Omerod mentions the Hall in his history and I give his statement because it is especially interesting:-

" Margaret, who was the wife of John de Radclyf, of Ordesdal, Knight, held inter alia (among other things), the manor of Sondebache, of Thos. de Stanley, as aforesaid, and which Inq. (enquiry) finds that there were on the same manor one Hall, two chambers, one chapel, one stable, and one kitchen (of no value); 48 messuages, 500 acres of land, and 40 of meadow (of the yearly value of 39 marks), 40 of wood, 100 of moss (yearly value 20s. 3d.), 3 ponds (yearly value 3s.), one water mill (yearly value 4 marks, and 13s. 10d. rent. Total value p.a. of the whole manor, 30 10s. 2d. Died on the Sat. next before the Feast of S. Bartholomew last; .John, son of John de Ratclyf, son and heir, aged 50 year, who in his livery, Sept. 2nd, same year (1627) is stated to be then a Knight." Unfortunately there are no direct descendants of this family so far as is known, though in all probability the family continued for some decades after the Legh and Radclyf intermarriages.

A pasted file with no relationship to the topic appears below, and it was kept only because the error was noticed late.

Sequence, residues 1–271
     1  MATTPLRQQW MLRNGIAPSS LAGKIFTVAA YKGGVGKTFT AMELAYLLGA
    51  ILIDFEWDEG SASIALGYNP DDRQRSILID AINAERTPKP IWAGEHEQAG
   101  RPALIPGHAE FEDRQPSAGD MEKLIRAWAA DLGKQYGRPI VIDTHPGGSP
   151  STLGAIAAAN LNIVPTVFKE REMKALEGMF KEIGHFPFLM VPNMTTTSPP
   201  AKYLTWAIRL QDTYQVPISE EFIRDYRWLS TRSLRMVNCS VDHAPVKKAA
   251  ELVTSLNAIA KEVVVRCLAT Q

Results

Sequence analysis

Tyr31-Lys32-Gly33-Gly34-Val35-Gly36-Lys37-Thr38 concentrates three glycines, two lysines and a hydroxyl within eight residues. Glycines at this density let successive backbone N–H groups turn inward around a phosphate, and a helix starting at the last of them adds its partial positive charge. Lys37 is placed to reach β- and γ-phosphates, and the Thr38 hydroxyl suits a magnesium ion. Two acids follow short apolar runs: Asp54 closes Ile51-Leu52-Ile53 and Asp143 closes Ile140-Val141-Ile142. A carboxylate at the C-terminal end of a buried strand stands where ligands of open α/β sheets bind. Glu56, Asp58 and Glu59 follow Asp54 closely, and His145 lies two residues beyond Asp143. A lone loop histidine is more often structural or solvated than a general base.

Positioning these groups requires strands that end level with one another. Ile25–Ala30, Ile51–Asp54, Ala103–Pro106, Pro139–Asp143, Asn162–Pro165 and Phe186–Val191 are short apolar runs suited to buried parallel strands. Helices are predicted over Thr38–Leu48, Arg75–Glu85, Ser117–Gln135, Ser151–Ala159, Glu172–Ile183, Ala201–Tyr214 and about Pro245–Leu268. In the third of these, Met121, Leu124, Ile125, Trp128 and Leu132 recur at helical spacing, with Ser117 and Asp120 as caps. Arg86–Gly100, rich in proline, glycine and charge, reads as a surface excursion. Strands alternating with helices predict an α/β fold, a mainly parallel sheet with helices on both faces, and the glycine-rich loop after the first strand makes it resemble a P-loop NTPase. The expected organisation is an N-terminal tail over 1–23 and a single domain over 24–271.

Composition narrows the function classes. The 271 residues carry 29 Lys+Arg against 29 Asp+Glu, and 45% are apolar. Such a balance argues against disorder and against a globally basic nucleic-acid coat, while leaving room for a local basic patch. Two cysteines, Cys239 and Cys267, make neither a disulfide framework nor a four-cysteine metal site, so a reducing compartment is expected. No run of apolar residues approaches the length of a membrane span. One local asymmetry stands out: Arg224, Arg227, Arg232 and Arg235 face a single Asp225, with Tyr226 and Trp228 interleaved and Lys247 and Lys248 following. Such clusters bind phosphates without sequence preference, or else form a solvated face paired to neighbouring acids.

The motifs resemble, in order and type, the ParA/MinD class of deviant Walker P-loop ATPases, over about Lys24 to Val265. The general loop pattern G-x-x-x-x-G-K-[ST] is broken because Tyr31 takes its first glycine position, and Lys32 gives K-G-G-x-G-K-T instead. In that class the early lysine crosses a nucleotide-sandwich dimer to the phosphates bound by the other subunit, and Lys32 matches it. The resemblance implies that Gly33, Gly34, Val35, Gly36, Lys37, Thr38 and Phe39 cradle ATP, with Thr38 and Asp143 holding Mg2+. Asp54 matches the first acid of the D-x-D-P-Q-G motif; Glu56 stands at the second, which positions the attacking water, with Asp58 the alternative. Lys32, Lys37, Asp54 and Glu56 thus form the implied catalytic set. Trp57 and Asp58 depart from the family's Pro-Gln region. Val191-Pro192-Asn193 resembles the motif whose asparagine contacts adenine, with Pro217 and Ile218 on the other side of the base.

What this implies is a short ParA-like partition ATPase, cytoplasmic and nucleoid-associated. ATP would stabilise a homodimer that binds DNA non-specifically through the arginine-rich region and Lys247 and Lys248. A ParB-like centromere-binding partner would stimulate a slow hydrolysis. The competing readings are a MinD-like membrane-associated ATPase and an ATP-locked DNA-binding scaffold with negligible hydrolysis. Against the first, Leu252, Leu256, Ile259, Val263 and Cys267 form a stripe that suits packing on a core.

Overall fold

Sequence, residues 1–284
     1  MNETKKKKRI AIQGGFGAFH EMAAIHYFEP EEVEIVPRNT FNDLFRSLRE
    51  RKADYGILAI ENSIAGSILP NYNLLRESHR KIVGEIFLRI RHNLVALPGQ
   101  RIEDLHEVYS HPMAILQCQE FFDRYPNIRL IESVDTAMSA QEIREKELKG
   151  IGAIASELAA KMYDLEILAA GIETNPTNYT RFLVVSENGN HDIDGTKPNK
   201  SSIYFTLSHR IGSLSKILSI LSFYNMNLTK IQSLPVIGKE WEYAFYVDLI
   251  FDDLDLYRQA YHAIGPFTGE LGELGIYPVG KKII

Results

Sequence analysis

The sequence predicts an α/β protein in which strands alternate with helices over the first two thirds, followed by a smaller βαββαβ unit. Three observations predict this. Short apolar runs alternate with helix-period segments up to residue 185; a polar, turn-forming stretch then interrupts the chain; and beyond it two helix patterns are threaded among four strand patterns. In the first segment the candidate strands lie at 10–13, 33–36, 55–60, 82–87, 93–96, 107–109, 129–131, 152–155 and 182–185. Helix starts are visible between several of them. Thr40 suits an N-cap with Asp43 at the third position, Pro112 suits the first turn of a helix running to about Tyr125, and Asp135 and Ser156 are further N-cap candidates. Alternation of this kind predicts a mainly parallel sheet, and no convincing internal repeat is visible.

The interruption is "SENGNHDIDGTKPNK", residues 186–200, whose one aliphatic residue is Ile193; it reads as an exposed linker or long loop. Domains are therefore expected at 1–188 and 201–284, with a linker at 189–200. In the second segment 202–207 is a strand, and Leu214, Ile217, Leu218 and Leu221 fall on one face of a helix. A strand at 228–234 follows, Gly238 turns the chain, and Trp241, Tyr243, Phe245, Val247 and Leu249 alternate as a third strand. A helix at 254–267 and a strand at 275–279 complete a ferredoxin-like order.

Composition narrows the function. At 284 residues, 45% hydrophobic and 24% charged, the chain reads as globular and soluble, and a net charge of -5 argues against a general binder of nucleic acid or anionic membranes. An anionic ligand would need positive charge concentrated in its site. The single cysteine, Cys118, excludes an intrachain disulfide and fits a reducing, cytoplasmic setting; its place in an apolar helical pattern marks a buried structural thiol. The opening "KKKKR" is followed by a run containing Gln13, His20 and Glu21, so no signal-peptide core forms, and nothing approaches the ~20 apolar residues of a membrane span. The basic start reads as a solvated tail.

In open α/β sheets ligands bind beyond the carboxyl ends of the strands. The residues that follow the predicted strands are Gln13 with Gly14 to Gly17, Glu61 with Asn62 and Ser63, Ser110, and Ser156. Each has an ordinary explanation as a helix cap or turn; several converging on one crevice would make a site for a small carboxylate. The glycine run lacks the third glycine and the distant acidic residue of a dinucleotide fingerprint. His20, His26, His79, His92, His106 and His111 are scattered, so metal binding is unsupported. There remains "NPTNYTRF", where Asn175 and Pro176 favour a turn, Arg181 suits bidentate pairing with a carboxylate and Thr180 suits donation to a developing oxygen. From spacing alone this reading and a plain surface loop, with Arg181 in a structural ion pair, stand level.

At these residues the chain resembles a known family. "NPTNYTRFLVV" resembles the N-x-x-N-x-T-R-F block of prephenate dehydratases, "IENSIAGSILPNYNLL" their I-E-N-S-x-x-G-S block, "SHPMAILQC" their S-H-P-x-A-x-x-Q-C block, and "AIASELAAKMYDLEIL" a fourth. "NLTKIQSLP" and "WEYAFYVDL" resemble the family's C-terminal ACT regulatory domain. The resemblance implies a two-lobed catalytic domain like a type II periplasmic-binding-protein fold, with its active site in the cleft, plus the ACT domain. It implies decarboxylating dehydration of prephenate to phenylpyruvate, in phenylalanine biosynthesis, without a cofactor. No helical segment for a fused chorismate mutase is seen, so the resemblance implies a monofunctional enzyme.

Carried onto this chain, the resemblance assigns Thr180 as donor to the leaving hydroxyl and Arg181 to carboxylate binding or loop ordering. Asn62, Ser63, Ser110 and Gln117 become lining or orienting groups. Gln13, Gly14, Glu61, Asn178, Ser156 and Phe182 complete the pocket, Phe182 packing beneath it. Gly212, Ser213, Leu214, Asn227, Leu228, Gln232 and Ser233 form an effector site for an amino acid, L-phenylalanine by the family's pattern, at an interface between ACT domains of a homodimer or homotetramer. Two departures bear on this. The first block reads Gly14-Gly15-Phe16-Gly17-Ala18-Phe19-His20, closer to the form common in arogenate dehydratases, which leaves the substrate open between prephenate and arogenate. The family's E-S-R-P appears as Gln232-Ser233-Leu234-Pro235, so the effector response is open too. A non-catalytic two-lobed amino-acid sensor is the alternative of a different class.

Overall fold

In the interior of the Hall may be found some excellent old carvings and panellings in oak, and the visitor to Sandbach will do well to pay a call, and. I am sure that Mr. John Bebbington, the present host, will be delighted to "show them round."


situated in the Market Place, is also an old picturesque black and white building, very similar to the Old Hall, but on a much smaller scale. It bears the date 1634.